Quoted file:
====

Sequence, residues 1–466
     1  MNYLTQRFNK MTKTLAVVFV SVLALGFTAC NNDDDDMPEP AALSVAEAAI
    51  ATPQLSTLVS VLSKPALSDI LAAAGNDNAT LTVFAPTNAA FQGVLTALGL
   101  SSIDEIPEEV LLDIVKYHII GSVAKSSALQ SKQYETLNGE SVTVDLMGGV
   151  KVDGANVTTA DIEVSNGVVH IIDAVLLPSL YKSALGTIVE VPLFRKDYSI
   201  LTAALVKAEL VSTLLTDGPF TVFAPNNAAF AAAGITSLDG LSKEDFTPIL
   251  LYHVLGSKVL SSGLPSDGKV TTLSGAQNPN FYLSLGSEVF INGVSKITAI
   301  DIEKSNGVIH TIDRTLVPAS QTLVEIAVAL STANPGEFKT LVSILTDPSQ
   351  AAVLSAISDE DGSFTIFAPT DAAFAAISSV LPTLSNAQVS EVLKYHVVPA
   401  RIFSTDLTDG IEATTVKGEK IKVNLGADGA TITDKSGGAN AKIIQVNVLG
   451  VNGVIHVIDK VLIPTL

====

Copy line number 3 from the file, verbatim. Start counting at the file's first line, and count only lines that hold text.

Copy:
    51  ATPQLSTLVS VLSKPALSDI LAAAGNDNAT LTVFAPTNAA FQGVLTALGL